What are Doctors Taught about ‘Homosexuality’ in India?
‘These procedures can have lifelong trauma and concerns’
The Kerala High Court recently directed the Undergraduate Medical Education Board to take “immediate action” to update medical textbooks and remove discriminatory and inhuman references to the LGBTQIA+ community.
The order responds to a petition filed by the NGOs Disha and Queerythm, who asked how medical textbooks can make such references when “the queer community’s rights are recognised by the Supreme Court of India”.
The Madras High Court issued similar directions to review “queerphobic” material in medical textbooks earlier this year.
“Homosexuality is an act of sexual perversion” according to the MBBS curriculum taught at medical schools, says dermatologist and venereologist Dr Agni Kumar Bose.
“Medical textbooks also refer to anything that is not heteronormative to be of ‘unsound mind’ – in addition to that people from the LGBTQ community are also categorised as ‘high risk populations’, and the medical textbooks give out the perception that being from the queer community is a bad thing.”
“The medical curriculum also mentions ‘treatment for homosexuality’ as an option,” according to gynaecologist Dr Yuvraj Jadeja.
“It refers to procedures such as aversion therapies, convert sensitisation and systematic desensitisation. These are all ways suggested in order to change your sexual orientation or identity.”
“The textbooks mention that these are not sure-shot treatments, but even having a chapter for conversation treatment is appalling. Homosexuality is not a disease and therefore we all know that these treatments cannot work.”
Trans people are not well served by the current medical training either.
“Our medical training at both the undergraduate and specialised level is also lacking in providing help for transgender persons. Even the seniormost doctors need to be explained the difference between sex and gender and nobody knows the right terminology,” shares Dr Jadeja.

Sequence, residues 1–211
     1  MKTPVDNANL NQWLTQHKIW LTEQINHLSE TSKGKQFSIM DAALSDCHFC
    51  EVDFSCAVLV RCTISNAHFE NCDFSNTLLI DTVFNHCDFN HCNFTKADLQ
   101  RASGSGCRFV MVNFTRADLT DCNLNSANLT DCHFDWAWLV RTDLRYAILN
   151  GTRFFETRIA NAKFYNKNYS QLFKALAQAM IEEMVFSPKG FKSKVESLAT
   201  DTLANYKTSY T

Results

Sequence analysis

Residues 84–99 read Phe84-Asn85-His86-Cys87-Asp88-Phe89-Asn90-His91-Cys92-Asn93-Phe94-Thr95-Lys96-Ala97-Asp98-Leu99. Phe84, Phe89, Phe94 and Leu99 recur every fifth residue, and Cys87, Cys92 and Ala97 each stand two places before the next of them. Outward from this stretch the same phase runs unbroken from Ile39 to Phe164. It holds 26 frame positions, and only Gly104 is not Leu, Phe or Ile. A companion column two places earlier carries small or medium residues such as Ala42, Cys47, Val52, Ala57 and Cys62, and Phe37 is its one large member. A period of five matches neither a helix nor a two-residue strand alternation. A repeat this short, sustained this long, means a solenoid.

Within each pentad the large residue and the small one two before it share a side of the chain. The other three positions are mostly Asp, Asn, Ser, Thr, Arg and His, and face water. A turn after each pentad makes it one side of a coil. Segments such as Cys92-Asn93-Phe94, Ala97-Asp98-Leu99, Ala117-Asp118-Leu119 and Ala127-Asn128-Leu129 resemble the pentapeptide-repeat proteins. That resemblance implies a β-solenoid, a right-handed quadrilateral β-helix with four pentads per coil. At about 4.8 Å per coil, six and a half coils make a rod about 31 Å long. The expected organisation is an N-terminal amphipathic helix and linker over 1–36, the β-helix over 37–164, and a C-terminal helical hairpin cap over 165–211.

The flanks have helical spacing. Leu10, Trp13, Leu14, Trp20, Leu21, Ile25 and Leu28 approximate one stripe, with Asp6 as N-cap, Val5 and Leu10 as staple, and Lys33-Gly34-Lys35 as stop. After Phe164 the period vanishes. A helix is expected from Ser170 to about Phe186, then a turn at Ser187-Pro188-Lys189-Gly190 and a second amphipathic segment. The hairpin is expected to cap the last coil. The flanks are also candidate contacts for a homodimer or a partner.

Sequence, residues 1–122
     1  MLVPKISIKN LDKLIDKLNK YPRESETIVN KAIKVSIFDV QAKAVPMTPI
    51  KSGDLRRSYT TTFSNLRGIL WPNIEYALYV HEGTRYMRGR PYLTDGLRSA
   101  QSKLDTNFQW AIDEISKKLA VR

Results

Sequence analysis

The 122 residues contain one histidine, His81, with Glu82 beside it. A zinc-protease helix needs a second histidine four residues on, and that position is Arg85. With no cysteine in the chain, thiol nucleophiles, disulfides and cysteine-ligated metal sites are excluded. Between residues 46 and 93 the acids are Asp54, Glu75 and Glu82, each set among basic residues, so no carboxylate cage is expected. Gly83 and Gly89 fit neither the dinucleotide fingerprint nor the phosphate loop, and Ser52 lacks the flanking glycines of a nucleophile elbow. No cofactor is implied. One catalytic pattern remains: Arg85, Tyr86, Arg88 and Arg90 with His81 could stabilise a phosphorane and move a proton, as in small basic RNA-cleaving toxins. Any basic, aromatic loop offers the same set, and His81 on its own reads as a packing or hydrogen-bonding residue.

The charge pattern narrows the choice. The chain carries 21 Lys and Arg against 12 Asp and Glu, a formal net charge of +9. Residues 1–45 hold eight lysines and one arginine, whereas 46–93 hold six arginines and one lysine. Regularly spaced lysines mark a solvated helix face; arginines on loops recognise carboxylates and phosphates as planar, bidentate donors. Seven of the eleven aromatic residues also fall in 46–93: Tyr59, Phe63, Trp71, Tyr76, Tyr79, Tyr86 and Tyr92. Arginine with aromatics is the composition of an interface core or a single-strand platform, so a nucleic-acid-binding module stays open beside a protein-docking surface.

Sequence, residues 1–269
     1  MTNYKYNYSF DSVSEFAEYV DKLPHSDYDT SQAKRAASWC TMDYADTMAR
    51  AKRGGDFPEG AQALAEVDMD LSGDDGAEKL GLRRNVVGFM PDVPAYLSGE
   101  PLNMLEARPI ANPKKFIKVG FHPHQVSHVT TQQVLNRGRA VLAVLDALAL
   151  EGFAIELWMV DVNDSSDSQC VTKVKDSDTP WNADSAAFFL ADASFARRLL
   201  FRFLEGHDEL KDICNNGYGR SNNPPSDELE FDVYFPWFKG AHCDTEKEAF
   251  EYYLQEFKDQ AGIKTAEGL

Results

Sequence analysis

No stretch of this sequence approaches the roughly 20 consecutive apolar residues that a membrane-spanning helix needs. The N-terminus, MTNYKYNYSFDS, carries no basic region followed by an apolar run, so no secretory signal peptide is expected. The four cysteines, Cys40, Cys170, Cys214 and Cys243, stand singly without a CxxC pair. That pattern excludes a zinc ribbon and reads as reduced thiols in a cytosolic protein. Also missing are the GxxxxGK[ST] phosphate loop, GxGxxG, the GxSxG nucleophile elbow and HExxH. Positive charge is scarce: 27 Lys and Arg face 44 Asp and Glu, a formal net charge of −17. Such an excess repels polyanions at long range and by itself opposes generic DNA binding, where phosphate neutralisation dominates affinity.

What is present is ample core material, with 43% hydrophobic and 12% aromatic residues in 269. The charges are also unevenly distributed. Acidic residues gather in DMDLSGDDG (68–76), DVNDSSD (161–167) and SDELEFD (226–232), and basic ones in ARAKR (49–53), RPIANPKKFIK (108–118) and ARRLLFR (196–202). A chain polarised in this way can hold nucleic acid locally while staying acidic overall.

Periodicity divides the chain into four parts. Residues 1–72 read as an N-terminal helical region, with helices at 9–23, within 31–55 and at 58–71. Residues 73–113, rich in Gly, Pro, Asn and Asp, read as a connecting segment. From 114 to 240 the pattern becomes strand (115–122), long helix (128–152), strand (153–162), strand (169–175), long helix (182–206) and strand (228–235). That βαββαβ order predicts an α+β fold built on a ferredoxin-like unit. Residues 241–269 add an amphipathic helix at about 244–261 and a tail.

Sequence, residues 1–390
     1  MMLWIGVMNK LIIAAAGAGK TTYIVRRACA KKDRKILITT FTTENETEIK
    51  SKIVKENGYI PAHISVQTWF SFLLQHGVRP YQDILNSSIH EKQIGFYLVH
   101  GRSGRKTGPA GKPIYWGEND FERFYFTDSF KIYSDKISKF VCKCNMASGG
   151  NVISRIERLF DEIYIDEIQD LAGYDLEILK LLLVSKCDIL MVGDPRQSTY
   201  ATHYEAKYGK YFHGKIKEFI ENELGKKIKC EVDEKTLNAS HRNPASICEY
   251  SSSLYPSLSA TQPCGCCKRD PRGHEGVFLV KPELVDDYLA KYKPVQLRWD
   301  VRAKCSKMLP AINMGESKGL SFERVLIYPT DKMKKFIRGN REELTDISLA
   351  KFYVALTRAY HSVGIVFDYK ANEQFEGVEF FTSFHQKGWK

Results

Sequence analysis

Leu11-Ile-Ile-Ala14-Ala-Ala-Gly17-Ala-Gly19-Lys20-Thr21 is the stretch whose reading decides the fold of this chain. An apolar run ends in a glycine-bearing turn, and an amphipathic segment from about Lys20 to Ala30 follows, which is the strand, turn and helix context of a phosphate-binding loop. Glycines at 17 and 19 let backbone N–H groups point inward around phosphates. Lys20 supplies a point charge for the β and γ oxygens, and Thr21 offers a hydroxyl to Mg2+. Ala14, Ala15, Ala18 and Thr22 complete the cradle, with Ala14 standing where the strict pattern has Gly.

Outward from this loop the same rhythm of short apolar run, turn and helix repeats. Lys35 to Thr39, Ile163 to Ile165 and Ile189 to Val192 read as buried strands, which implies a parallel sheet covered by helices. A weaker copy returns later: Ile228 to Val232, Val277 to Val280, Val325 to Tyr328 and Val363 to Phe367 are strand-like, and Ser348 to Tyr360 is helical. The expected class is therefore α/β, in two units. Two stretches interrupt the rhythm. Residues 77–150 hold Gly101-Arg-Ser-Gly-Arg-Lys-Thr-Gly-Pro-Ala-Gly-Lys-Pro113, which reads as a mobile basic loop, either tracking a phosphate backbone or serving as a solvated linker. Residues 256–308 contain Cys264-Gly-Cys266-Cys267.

In her third year as a medical undergraduate, Dr Aqsa Shaikh started becoming aware of her identity as a trans woman. Her peers were not ready to understand or even talk about her gender identity.
“This made sure that I remained in the closet throughout my years in medical school,” she shares.
It was only after she started practising medicine professionally that she embraced herself as a trans woman.
“This left a mark on me. I was not able to express my gender the way I want to in medical school. I always feared being outed without my permission and lived in the anxiety of being caught as a transgender person.”
There are also concerns about how other non-hetero identities are addressed in medical training.
While referring to intersex individuals, people who do not belong in the binary of male and female, Indian physiology textbooks say they have “sex differences disorder”.
“The word disorder states that there is a disease that needs to be treated,” Shaikh explains.
“Intersex people should also not be treated without informed consent before the age of 18, but there are doctors who perform procedures on just the parents’ orders and try to ‘fix’ the gender or sex of the child to male or female in order to avoid stigma.
“These procedures can have lifelong trauma and concerns.”
She adds that “the current medical curriculum completely lacks training for doctors on how to communicate and treat with queer patients in a respectful manner.”
According to orthopaedic doctor Manan Vora, even today health professionals think that the majority of problems faced by LGBTQIA+ individuals are associated with their sexual health.
“There needs to be a more inclusive education to train doctors to deal with the LGBTQ community, aligned with their needs. Interactive case studies on the patients from the LGBTQ community should be taught in medical schools.
“We need to be shown how to physically examine them, how to correctly take their health assessment and use different pronouns for different gender identities,” he tells The Citizen.
Queer youth face a significantly higher risk of suicide in many societies.
A study in India argues that there are not enough mental healthcare professionals to meet the population’s needs.
“The symptoms for the LGBTQ community are not being identified at a sooner stage, because the patients from the community do not feel comfortable going to practitioners,” says Vora.